Kolowski, Michael Alois (2993 Sunnybrook Road, Mogadore, OH, 44260, US)
Miller, Frederick William (4712 Bali Drive, Akron, OH, 44319, US)
Gilliam, Donald Woodrow (1970 Birkdale Drive, Uniontown, OH, 44685, US)
Trares, Keith Carl (527 Bobwhite Trail, Akron, OH, 44319, US)
Scarpitti, Anthony John (2551 Spyglass Way N.W, Uniontown, OH, 44685, US)
Kolowski, Michael Alois (2993 Sunnybrook Road, Mogadore, OH, 44260, US)
Miller, Frederick William (4712 Bali Drive, Akron, OH, 44319, US)
Gilliam, Donald Woodrow (1970 Birkdale Drive, Uniontown, OH, 44685, US)
Trares, Keith Carl (527 Bobwhite Trail, Akron, OH, 44319, US)
|1.||A pneumatic radial tire combination for fourwheeled automobile or light truck vehicles having a pair of front steer position tires and a pair of rear position tires each tire having an axis of rotation and a casing, the casing having a carcass and a belt reinforcement radially outward of the carcass, a tread being radially outward of the belt structure of the casing, the tread having a pair of lateral edges, a tread arc extending between the lateral edges and a centerplane passing midway between the lateral edges and perpendicular to the axis of rotation, the tire combination characterized by: a first tread arc for the front position tires and a second tread arc for the rear position tires, the tread arcs defined by a radially outer surface of the treads when the tires are normally inflated but unloaded, the first tread arc having a curvature of maximum radius at the centerplane of the tire and a curvature of decreasing radius extending toward the lateral edges, at an intersection of the lateral edge and the tread arc a straight line drawn between the intersection of the tread arc curvature and the centerplane is inclined at an angle Qp of greater than 5'relative to a tangent line L, L being tangent to the tread arc at the centerplane and parallel to the axis of rotation; the second tread arc has a curvature of maximum radius at the centerplane of the tire and when measured similar to the tires for the front position has an angle OR of less than 5 * relative to the tangent line L, L being tangent to the second tread arc curvature at the centerplane and parallel to the axis of rotation.|
|2.||The tire combination of claim 1, wherein the front tire position first tread arc curvature extending from the centerplane to a lateral edge has at least three radii of curvature Rl, R2, R3 decreasing in size as the curvature extends from the centerplane to each lateral edge.|
|3.||The tire combination of claim 1 wherein the rear tire position second tread arc of curvature extending from the centerplane to a lateral edge has at least two radii Ri, R2 of curvature decreasing in size as the curvature extends from the centerplane to each lateral edge.|
|4.||The tire combination of claim 2 wherein the front tire position radius Rl is the radius of curvature at the centerplane and R3 is the radius of curvature at the lateral edge, Ri being greater than twice R3.|
|5.||The tire combination of claim 4 wherein Ri of the front tire position is about 600 mm.|
|6.||The tire combination of claim 5 wherein the tread radius R3 is greater than 200 mm.|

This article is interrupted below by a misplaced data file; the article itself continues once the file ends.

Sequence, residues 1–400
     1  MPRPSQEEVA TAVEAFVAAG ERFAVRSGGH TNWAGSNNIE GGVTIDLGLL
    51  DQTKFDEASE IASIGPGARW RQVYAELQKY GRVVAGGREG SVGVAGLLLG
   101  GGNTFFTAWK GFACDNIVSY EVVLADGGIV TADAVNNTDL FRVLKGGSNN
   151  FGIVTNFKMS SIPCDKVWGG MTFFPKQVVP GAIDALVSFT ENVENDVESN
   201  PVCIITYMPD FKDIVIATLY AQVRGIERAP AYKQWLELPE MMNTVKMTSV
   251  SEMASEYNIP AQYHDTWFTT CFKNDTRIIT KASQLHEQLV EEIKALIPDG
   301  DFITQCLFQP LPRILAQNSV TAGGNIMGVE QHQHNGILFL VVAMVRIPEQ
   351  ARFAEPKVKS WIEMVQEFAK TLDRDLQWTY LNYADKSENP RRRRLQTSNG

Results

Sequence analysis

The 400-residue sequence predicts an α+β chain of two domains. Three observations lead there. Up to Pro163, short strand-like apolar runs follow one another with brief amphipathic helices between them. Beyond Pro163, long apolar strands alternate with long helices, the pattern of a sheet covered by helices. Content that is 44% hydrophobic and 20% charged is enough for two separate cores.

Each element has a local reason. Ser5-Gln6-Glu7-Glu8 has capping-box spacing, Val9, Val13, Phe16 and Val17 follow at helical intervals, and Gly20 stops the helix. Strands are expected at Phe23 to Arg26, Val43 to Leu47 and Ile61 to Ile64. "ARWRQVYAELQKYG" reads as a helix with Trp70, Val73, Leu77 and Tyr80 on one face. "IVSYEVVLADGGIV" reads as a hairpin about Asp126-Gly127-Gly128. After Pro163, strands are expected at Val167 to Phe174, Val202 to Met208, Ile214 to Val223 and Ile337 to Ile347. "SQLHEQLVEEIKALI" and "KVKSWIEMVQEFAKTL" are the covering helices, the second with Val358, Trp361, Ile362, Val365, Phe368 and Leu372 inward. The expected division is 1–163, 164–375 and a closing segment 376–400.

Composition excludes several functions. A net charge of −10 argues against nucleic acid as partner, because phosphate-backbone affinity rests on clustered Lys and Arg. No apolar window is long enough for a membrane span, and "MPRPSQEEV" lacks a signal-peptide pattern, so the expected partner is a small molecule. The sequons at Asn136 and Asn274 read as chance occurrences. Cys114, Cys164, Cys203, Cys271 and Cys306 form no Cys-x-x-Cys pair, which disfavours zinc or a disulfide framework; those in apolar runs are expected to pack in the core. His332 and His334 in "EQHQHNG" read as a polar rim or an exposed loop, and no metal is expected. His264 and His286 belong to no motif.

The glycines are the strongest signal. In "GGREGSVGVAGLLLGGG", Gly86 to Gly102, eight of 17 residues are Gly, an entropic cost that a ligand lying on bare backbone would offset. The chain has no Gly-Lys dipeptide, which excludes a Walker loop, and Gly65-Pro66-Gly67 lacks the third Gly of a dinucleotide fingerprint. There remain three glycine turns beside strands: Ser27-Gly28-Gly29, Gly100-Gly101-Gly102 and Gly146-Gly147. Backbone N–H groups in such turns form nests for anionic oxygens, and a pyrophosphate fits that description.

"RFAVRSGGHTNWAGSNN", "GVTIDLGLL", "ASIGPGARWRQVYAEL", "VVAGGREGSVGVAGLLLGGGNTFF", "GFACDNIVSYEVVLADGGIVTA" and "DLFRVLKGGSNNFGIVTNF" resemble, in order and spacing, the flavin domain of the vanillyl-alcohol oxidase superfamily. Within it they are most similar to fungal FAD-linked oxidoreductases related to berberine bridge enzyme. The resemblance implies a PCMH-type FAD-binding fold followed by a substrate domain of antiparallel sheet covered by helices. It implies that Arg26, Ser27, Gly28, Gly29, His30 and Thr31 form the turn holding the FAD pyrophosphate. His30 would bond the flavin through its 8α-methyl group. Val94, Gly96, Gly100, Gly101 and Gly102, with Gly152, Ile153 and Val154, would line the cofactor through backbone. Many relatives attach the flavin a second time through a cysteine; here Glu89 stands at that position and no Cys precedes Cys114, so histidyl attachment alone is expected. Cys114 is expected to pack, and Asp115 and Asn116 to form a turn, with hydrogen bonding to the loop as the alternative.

|7.||The tire combination of claim 4 wherein the radii of curvature Rl, R2, R3 of the front position tires have the following ratio of lateral width to arc width on at least onehalf of the tread of 60% or less Rl, and 20% or greater R2 and R3 respectively.|
|8.||The tire combination of claim 3 wherein Ri of the rear tire position is greater than 800 mm.|
|9.||The tire combination of claim 3 wherein the radius of curvature R2 of the rear position tire is less than 200 mm.|
|10.||The tire combination of claim 9 wherein the radii of curvature Rl and R2 of the rear position tires have the following ratio of lateral width to arc width on at least one tread half of greater than 50% for Ri and between 30% to 60% for R2.|
Background Art Automobile and light truck vehicles that have front engines and front steering suspensions have a vehicle weight distribution that is heavily loaded on the front position tires and lightly loaded on the rear position tires.
Light truck tires are routinely driven with no weight in the bed of the vehicle causing the rear tire position to typically operate at 50% of the tires rated load. When the truck is carrying weight the load can be increased up to 100% of the tires rated load on the rear tires.
Mini-vans and sport utility vehicles in addition to being weight distribution sensitive have higher centers of gravity than automobiles.
These multi purpose vehicles (MPV) put greater demands on tires due to their higher center of gravity and non-uniform weight distribution. This combination causes the vehicle to undergo greater amounts of vehicle roll putting higher loads on the outside shoulders of the front tires with resulting increases in wear rates. Goodyear developed the Wrangler GS-A and Wrangler Aquatred to meet these demands by engineering a tread design with distinct tread zones for specific performance demands. The outside shoulder was solidified to resist the tendency for fast front tire shoulder wear while providing traction through tread blocks in the other zones of the tread. This design approach provided an improved level of treadwear and traction for MPV's in all wheel positions.